Steve Nash is one of the best point guards ever to play in the NBA. His ability to control the game with the ball to be such a threat to score, but also enable his teammates to get the ball in spots where they will be successful was insane. Point Guards have the opportunity to enable four other teammates on any given possession to become a threat to score. When watching Nash play throughout his career you can see his ability to get in the paint at will. His ability to change speeds and create mismatches off running pick and roll effectively makes him one to the NBA's elite. FOUR times he had seasons where he shot 50% from the field , 40% from the 3PT Line, and 90% from the free throw line.
As you can see on the film above he was able to get in the paint on pick and roll at ease forcing two defenders to guard one and he could pick them apart. In 2010 I never forget working for Kobe and breaking down Phoenix in the Western Conference Finals. Their spread pick and roll with Nash and only 1 big rolling with 3 other players spaced out past the 3PT line was a major league problem. Defenders needed to bump the roll man or that was an easy dunk, and if anyone left their man to bump the roller Nash would make them pay. They had a great roller as well as 4 shooters on the floor at once.
When you are working with a point guard it is so important that you have them study film and try to emulate. The first thing that Nash does that you can teach to any PG that you work with is that you always change speeds when trying to attack defenses and individual defenders. The PG needs to run their man into the screen and then create problems. I thought with his shooting, great rolling, and then you add shooting and drivers around that make for some tough decisions. Nash is one of my favorite guards of all time to break down on screen rolls because of his ability not only to score but make a play for someone else.
As the ball handler in pick and roll the first problem you cause is the ability to set your man up and force him into the screen while moving towards the basket. After the PG makes contact with the screener the big rolls to the basket , with three other shooters spaced outside the 3 having defenders tag/bump a major headache. If the guard can turn the corner and get to the paint or a pull up thats a great option, if you force multiple defenders guarding you while in the paint passing it out to the perimeter to a spotted up shooter causes a problem for defenders to fire out opening up open shots or drives to the basket.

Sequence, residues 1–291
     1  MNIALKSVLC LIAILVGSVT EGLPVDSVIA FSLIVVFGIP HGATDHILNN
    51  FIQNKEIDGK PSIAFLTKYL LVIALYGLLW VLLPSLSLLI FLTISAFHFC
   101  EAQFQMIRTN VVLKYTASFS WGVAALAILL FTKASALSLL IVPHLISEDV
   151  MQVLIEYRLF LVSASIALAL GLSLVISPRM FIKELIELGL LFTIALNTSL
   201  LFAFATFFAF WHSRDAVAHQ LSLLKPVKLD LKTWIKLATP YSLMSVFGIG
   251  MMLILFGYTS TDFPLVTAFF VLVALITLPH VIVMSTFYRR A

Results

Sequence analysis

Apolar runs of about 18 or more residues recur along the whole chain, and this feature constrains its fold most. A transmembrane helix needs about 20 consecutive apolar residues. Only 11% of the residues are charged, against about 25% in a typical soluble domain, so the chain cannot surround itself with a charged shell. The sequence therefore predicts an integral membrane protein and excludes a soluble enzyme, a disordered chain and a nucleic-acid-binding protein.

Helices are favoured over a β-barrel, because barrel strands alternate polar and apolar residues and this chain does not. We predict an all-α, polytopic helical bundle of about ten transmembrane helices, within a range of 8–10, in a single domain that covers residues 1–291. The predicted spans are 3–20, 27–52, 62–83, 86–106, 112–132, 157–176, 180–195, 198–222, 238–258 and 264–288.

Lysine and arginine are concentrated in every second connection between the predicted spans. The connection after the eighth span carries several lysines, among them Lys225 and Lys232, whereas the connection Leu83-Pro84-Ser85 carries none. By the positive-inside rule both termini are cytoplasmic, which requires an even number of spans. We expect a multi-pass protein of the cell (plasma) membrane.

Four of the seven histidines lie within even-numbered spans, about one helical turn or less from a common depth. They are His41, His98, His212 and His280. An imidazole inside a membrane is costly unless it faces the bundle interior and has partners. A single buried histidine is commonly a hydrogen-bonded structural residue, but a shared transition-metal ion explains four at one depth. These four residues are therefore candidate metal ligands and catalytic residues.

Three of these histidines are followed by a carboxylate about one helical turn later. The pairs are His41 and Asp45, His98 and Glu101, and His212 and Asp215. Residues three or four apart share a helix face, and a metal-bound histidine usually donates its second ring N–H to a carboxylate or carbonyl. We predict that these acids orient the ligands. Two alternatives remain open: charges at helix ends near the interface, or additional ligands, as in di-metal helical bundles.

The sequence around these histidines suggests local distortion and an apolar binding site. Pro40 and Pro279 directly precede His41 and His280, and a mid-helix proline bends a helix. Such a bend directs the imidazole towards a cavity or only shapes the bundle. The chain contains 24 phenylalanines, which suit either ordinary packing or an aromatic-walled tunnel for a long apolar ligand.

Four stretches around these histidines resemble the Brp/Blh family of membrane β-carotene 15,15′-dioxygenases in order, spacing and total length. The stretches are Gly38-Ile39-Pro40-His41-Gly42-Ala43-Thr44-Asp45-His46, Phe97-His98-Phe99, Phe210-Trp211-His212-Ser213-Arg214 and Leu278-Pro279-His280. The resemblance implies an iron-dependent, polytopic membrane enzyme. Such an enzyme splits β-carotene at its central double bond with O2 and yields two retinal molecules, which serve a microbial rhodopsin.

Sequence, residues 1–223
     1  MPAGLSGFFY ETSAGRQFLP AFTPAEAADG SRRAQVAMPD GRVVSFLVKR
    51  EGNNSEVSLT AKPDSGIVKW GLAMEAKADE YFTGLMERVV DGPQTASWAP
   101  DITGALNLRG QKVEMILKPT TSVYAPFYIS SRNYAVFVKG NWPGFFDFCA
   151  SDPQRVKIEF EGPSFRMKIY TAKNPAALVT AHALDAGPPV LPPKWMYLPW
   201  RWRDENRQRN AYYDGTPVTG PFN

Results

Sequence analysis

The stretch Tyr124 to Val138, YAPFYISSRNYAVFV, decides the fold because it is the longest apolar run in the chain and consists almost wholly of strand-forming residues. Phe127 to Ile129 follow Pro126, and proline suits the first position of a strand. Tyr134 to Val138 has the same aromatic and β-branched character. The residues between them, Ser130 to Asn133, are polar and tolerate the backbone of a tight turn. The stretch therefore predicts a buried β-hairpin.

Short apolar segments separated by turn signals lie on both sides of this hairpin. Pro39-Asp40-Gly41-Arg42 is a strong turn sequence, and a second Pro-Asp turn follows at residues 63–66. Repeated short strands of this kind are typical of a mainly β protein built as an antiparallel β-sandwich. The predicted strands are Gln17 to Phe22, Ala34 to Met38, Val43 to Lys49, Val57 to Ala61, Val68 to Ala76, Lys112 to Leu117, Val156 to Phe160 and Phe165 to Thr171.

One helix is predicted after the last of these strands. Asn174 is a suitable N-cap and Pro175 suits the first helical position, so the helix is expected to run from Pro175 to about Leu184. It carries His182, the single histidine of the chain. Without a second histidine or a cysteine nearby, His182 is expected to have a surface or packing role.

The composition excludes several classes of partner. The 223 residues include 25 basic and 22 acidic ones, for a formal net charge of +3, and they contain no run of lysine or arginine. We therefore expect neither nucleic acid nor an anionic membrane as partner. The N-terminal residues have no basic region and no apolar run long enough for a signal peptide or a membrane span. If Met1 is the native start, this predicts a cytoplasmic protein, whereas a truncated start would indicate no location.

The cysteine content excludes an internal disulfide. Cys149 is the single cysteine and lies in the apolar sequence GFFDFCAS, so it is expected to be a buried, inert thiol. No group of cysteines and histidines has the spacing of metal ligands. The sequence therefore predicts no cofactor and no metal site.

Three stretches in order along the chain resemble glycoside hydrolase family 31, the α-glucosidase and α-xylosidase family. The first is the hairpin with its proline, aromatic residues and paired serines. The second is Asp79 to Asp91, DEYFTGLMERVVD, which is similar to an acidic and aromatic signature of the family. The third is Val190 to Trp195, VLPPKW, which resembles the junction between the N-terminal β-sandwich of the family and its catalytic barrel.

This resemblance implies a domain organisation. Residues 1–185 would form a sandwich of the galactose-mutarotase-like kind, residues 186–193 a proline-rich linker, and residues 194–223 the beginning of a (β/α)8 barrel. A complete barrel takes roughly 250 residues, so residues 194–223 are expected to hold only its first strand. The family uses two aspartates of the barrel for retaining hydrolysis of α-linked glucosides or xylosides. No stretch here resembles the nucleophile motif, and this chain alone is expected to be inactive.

Pay attention to the spacing on most of the pick and rolls in the video above. You have to make defenses pay and by spacing the floor and putting shooters on the perimeter with a good screener/roller for a 5 man setting the screen you will have great success. Also another great asset is to keep the on the ball defender on edge when they are trying to embrace the screen and take the hit REJECTING the screen and getting to the basket. Since the three point shot was such an effective option of his defenders where forced to go over screens and push up making it even easier to chop them up and make a play.
The ability to finish is also an important trait of a PG and Nash can finish with any type of shot right/left, floater/lay up, off hand/off foot. I published a blog post this past summer about Nash's WORKOUT VIDEO and he talks about some of his ideas on finishing as well as his techniques. I also posted a video of Nash working with Steph Curry on pick and rolls. I thought it was a pretty cool video.
Steve Nash to me is a great PG to breakdown and have others emulate, but it could be anyone. Find simple fin that demonstrates the options and reads a PG has it would be Tony Parker, Kyrie Irving, Chris Paul or anyone that you show. Make sure they play with two speeds and show your PG's that technique as its a lost art.
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